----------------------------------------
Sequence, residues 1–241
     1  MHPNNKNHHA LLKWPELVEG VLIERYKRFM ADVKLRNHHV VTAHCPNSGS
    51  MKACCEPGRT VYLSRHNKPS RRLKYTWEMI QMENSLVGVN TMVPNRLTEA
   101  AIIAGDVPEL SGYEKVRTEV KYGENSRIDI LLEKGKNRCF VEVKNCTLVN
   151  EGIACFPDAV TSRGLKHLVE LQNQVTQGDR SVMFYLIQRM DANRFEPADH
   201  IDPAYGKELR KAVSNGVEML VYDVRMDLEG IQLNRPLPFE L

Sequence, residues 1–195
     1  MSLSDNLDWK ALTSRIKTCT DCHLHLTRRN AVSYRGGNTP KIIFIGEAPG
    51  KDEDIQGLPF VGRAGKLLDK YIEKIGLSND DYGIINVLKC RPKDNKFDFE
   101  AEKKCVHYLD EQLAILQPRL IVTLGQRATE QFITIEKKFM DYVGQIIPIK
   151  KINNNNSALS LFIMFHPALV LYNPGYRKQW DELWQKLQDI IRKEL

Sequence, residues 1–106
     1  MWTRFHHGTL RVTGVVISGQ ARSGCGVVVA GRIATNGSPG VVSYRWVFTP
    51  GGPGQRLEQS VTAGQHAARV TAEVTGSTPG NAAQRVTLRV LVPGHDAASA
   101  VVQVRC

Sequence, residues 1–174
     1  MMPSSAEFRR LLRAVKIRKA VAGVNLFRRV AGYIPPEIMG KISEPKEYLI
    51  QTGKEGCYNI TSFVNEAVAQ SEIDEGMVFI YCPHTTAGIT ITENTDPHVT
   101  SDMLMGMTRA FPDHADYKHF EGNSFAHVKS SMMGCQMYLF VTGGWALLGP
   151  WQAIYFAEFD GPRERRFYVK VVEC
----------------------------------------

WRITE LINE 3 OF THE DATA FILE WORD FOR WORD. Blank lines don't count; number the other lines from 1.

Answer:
    51  MKACCEPGRT VYLSRHNKPS RRLKYTWEMI QMENSLVGVN TMVPNRLTEA